One of Dave's friends came to visit this weekend. He has a 6-year-old who doesn't know Max well. At first, he was wary of Max. He even cried when he first saw him. "I'm scared of him!" he said. But as the day went on, this other boy grew less timid. He started asking questions about Max, like "How does he get down the stairs?" They watched Finding Nemo together. Max showed him his speech app and told him about his big plans for his birthday party. When Max invited him to it, he said yes.
Perhaps my son won't grow up and change the world. (How often does that happen? I'm not raising The Buddha here.) But this weekend, Max changed a world—the world of another child who doesn't know much about people with special needs.
Interactions like this are important for changing attitudes toward people with special needs, finds a new British study of 1520 kid ages 7 to 16. Those children who had more direct contact with people with disabilities generally had less anxiety about people with special needs and increased empathy. Even indirect contact helped; just observing people interact with those who have special needs or being aware of other people's friendships with them improved kids' attitudes.
"We have known for some time that integrating children with disabilities into the regular classroom can improve attitudes," noted study author Megan MacMillan, of the University of Exeter Medical School in England. "What we have established here is just how much of a difference a greater presence in day-to-day life makes."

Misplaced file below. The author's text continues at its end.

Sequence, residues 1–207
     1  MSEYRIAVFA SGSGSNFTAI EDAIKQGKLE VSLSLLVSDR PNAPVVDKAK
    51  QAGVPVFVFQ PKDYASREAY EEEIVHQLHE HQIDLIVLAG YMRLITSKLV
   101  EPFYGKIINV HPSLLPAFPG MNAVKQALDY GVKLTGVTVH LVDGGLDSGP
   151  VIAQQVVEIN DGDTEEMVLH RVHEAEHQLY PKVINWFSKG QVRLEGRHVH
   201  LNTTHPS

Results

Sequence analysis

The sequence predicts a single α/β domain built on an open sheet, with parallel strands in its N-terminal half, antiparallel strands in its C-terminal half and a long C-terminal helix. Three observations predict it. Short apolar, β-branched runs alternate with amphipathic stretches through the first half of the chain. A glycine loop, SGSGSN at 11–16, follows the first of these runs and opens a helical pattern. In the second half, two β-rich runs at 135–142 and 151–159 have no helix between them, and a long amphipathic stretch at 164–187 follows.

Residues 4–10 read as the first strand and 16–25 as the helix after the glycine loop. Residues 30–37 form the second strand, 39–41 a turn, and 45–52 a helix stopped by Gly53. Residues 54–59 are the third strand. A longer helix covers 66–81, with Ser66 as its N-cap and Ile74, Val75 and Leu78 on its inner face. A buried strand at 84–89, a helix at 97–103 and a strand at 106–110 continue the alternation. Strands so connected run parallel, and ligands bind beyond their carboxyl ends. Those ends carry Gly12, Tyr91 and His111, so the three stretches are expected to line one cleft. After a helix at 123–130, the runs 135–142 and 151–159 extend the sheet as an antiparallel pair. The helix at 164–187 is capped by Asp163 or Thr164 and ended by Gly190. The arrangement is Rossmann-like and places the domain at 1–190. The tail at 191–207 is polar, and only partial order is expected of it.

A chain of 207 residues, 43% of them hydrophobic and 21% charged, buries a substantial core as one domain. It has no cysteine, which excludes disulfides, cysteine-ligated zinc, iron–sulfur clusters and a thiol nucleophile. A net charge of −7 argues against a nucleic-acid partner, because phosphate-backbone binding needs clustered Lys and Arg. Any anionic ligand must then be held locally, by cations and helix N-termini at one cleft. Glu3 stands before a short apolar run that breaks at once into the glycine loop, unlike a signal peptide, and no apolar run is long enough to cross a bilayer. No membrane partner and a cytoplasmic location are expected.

Surprising, this isn't; it's common sense. But I think it's something we may forget as parents of kids with special needs. At times, we get crushed by the stares and the gawking. We see only the barriers. But breaking down that invisible wall could change other children's perception of children with special needs. It could make kids more generally open-minded. It could make them better human beings. Who knows what it could do.
Over the years, people who know Max have spoken of his infectious cheerfulness. Yes, he is one happy child, though I believe the impact he's had goes way deeper. I can't verify it, like the study authors can, but I know that he has changed perceptions people have of kids with special needs.
Of course, this doesn't happen instantly. Sometimes, it's just the opposite. Last night, a father and his sweet three-year-old showed up at our door. I knew the dad only through a local Facebook group, and he'd done me a favor of cutting up some extra butcher block I had; he'd come to return the pieces. In his excitement, Max grabbed the little girl by the shoulders and tried to pull her inside. She got scared. "It's OK, he's very friendly," the dad said. They left to have dinner. It's going to take awhile before this girl understands Max, but once she does I'm betting it will impact her perception of other kids like him.
"Change your thoughts and you change your world," Norman Vincent Peale once said. Every single time a new kid meets Max, Max has the chance to change a world. And your child does, too.